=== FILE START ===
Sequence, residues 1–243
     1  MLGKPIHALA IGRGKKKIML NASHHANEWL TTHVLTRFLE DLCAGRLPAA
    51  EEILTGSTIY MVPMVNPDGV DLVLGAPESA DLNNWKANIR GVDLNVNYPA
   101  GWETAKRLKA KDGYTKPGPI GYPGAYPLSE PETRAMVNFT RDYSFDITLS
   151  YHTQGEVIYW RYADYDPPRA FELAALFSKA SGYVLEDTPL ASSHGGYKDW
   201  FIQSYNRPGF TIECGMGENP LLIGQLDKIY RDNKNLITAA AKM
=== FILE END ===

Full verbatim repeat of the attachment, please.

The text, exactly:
Sequence, residues 1–243
     1  MLGKPIHALA IGRGKKKIML NASHHANEWL TTHVLTRFLE DLCAGRLPAA
    51  EEILTGSTIY MVPMVNPDGV DLVLGAPESA DLNNWKANIR GVDLNVNYPA
   101  GWETAKRLKA KDGYTKPGPI GYPGAYPLSE PETRAMVNFT RDYSFDITLS
   151  YHTQGEVIYW RYADYDPPRA FELAALFSKA SGYVLEDTPL ASSHGGYKDW
   201  FIQSYNRPGF TIECGMGENP LLIGQLDKIY RDNKNLITAA AKM